Buffett said in the annual letter that companies broadly are highly valued - that is, expensive - by normal standards. Unlike many tech conglomerates, which had parked their cash overseas, Berkshire Hathaway's cash was in America.
Buffett said Berkshire Hathaway is a big beneficiary of corporate tax reform. "That last requirement proved a barrier to virtually all deals we reviewed in 2017, as prices for decent, but far from spectacular, businesses hit an all-time high". The two main contenders right now are Greg Abel, who heads Berkshire's non-insurance operations, and Ajit Jain, head of the company's insurance group.
"The less the prudence with which others conduct their affairs, the greater the prudence with which we must conduct our own", he wrote in the annual letter.
Buffett says it's important for people to invest money regularly regardless of the market's ups and downs, but watch out for investment fees. Buffett often invests in stocks when he can not find whole companies to buy.
It has been more than two years since Buffett made a major purchase, the $32.1 billion takeover of aircraft parts maker Precision Castparts Corp, and his advancing age gives him less time to find more of the "elephants" he prefers.
The lower tax rate also contributed to a 23% full-year boost in Berkshire's book value, which measures assets minus liabilities and which Buffett considers a good indicator of Berkshire's net worth, to $211,750 per class A share. "Early in 2018, Berkshire's board elected Ajit Jain and Greg Abel as directors of Berkshire and also designated each as vice-chairman".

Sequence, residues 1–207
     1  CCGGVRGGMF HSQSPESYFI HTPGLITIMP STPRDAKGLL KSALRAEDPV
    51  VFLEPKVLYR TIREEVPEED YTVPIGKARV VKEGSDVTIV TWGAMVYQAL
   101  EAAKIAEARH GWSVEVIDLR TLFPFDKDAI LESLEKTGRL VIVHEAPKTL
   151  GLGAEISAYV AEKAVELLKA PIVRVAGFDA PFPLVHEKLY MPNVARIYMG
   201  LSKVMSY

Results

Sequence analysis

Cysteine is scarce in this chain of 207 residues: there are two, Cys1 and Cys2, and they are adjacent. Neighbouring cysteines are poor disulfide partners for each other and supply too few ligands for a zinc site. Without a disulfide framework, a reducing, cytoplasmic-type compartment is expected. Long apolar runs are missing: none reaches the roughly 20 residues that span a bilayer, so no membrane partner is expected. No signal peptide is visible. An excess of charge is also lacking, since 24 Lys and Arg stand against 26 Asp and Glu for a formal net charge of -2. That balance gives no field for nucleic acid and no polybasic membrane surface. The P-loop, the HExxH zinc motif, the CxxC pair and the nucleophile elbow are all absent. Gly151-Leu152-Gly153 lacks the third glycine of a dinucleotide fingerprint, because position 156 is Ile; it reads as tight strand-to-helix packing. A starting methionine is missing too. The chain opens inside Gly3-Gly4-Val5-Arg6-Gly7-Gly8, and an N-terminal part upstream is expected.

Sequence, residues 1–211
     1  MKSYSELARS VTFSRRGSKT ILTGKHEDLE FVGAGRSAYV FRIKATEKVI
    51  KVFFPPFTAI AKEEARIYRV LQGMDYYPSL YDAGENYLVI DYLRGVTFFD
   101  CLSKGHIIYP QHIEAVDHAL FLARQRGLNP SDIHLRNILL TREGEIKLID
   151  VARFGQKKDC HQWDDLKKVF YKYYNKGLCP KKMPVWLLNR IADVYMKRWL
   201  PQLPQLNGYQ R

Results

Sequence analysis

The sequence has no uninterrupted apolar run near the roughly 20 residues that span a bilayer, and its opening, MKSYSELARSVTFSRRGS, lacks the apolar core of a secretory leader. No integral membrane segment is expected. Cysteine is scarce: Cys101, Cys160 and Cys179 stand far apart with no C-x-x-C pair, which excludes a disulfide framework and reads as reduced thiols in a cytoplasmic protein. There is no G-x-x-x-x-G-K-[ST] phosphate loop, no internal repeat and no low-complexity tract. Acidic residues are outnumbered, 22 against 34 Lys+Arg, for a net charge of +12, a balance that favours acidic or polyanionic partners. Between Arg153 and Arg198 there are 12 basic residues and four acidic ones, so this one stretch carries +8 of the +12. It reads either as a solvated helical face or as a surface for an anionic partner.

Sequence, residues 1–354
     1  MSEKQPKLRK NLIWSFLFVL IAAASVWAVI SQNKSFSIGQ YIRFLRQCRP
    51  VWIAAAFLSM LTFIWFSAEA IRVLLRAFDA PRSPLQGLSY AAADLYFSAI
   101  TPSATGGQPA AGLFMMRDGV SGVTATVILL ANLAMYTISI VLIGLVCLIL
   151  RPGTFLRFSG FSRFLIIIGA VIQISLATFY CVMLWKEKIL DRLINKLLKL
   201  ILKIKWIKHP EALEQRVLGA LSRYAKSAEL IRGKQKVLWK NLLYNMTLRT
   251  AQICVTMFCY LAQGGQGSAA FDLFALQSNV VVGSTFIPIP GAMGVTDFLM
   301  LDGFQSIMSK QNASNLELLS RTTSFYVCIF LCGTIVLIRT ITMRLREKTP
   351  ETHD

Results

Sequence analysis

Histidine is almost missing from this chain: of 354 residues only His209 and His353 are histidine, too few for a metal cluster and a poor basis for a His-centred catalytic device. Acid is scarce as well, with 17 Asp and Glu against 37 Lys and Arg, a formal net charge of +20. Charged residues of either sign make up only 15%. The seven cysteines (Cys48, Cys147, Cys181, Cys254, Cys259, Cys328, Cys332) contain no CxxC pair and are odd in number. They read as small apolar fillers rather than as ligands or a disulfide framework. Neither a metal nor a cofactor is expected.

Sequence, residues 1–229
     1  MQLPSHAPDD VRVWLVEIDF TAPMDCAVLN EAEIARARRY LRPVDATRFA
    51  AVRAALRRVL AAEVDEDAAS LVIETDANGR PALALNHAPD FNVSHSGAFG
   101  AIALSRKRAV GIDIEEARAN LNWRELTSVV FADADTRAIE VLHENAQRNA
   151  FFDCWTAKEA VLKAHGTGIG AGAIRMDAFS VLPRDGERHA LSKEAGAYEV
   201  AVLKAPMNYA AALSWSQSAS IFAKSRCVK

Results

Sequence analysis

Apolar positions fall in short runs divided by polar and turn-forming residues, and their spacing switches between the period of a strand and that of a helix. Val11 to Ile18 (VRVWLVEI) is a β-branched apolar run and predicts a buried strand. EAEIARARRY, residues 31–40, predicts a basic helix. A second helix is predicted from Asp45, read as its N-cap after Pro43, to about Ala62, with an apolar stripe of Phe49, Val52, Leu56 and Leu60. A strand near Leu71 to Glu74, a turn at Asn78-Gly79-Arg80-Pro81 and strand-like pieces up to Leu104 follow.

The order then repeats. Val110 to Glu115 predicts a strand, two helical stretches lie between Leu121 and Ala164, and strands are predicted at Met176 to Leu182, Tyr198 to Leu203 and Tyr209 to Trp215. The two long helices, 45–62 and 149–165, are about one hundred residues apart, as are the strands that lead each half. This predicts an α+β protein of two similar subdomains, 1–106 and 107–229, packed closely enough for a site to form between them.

At year-end past year Berkshire Hathaway had $116 billion in cash and short-term Treasury bills compared to $86.4 billion at the end of 2016, the letter revealed. Buffett and Vice Chairman Munger will focus on investments and capital allocation.
Both are considered candidates to eventually replace Buffett, 87, as Berkshire's chief executive. "Often, high-grade bonds in an investment portfolio increase its risk".
"Berkshire's blood flows through their veins", Buffett wrote. Operating profit, however, fell 18 percent to $14.46 billion, hurt by a rare loss from insurance underwriting.
Buffett also said that while Berkshire's insurance holdings would take a $2 billion after-tax hit from losses caused by hurricanes past year in Florida, Texas and Puerto Rico, other reinsurance companies did far worse.
Even so, insurance float, or premiums collected before claims are paid, and which give Buffett more money to invest, rose 25 percent previous year, to $114.5 billion.